SuperGold cardholders will get a free annual health and eye check-up as part of health spending that mostly goes to DHBs that are tackling huge treatment backlogs caused by the Covid-19 lockdown.
New funding has been earmarked to roll-out a promised free annual health check-up for the country's more than 750,000 SuperGold cardholders, including an eye check (policy that was included in the New Zealand First-Labour Coalition agreement).
That will cost nearly $13m in 2020/21, rising to an estimated $61.6m a year from 2021/22. No start date has been determined, and the checks may not be available until next year.
BUDGET 2020: THE FULL PACKAGE AND WHAT IT MEANS FOR YOU
• The Budget at a glance
• Audrey Young: Robertson keeps fingers crossed as he gives himself options
• Wage subsidy scheme extended by 8 weeks, now up to $14b
• Devastated tourism sector gets $400m but details are scarce
• School lunch programme boost to feed 200,000 children every day
The huge injection of health spending largely goes to health boards and was mostly outlined in a pre-Budget announcement, including a one-off boost of $283m over three years to clear a lockdown-caused backlog estimated at 153,000 more procedures and appointments.
Covid-19 leaves the biggest mark on Vote Health but there are signs of other major events; mental health spending to address the ongoing trauma of the March 15 mosque shootings, and $20m paid to the Crown by ACC for treatment of those injured in the Whakaari/White Island eruption.
Funding has been set out for the new national cancer agency - with the Cancer Society hailing Budget 2020 as something that "could deliver the world-class cancer care New Zealanders deserve if carefully spent".
"The $282.5m catch-up campaign for planned care and elective surgeries will be welcome news for cancer patients impacted by the Covid-19 lockdown," said cancer society chief executive Lucy Elwood.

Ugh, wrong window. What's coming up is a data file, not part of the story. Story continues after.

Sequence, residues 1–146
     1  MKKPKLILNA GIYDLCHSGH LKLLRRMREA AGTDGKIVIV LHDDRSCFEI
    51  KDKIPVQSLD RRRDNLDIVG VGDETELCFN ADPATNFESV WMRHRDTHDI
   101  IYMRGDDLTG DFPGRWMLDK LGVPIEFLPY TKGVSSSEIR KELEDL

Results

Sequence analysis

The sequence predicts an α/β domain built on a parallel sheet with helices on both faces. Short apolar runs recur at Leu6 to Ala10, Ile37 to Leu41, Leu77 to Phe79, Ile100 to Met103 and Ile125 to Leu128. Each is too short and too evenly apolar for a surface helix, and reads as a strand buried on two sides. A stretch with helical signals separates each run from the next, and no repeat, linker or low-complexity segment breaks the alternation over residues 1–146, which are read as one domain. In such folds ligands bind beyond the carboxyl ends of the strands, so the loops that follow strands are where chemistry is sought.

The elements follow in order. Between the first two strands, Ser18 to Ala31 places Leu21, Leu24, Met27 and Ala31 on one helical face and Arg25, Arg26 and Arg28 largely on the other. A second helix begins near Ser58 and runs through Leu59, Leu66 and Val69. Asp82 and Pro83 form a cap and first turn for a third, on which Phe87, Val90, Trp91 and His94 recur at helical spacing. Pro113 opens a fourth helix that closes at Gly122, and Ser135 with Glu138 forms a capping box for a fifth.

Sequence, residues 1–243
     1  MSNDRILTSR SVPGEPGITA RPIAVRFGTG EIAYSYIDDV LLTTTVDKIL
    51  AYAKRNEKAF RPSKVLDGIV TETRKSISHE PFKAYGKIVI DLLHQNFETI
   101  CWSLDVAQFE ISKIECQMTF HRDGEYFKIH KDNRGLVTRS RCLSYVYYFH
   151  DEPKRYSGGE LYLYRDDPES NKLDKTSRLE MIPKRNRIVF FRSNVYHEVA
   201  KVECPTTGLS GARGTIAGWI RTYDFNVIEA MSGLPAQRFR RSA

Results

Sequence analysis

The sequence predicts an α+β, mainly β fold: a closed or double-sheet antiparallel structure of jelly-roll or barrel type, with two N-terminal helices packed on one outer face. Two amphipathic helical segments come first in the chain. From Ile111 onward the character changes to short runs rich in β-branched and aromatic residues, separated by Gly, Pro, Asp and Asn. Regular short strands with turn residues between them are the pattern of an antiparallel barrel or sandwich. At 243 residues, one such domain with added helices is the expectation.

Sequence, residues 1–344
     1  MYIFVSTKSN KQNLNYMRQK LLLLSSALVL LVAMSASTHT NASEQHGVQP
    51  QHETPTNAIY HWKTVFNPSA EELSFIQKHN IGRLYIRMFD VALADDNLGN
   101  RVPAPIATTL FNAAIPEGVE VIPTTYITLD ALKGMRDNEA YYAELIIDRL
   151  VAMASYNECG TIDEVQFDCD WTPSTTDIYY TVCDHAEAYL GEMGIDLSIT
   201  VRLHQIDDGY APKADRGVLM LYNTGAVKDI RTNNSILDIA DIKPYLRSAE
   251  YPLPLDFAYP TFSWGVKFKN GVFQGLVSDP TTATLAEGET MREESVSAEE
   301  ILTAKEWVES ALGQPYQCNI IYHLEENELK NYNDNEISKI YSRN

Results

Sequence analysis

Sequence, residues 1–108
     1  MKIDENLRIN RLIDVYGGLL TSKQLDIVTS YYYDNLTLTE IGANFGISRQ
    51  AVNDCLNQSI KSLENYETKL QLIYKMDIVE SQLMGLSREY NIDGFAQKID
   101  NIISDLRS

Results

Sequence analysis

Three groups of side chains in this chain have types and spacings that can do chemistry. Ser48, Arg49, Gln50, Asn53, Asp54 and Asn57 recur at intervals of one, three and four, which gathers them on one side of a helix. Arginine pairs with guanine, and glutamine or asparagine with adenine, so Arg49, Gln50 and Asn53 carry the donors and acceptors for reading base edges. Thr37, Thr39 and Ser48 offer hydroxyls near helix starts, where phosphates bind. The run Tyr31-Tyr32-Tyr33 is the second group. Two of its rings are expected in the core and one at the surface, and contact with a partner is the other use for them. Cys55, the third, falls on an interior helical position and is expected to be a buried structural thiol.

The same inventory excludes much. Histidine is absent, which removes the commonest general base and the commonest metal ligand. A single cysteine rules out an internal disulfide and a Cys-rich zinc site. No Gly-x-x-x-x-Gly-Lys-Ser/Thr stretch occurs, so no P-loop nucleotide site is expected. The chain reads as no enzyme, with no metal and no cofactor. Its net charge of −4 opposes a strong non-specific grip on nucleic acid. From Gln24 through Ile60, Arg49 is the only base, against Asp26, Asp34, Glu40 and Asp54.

However, the almost $24m a year to "maintain access to primary health services" disappointed the Royal NZ College of General Practitioners, who said GPs had been left out at a time when they would be dealing with a huge number of patients who had postponed seeking care.
"I haven't seen anything in today's Budget that shows me a revitalised future for general practice in New Zealand but I hope that in the next few months we can get there," said college president, Dr Samantha Murton.
Mental Health Foundation chief executive Shaun Robinson welcomed the focus on helping keep people in meaningful jobs as a key to wellbeing, but said the Budget lacked resourcing or an implementation plan for the recommendations made by the landmark report of the mental health and addictions inquiry.
"Previous disasters have taught us there is no recovery without a strong focus on mental health. Mental wellbeing will be vital to economic recovery."
The health spending includes an extra $3.92 billion for health boards, totalling $980m per annum for four years; the one-off boost of $282.5m over three years to clear backlogs; and ongoing funding of $31.350m per annum to cover demographic changes and increasing prices.
An extra $160m will go to Pharmac, $832.5m for disability support services, and $177m to help primary community maternity services cope with rising demand and costs. Details of maternity initiatives are yet to be announced.
An extra $750m has been budgeted for capital spending by the country's 20 DHBs. Most health boards have identified infrastructure issues as a major risk to the treatment and safety of patients, including the extreme age of buildings that aren't fit for treatment purposes, with some leaky and earthquake-prone.
Earlier this week National's health spokesman, Michael Woodhouse, welcomed funding for health boards, but said DHB financial performance had "nosedived" under Labour and Covid-19 was creating more pain.
"Our DHBs have been left between a rock and a hard place by a minister who has let them sink into enormous deficits over the past two years."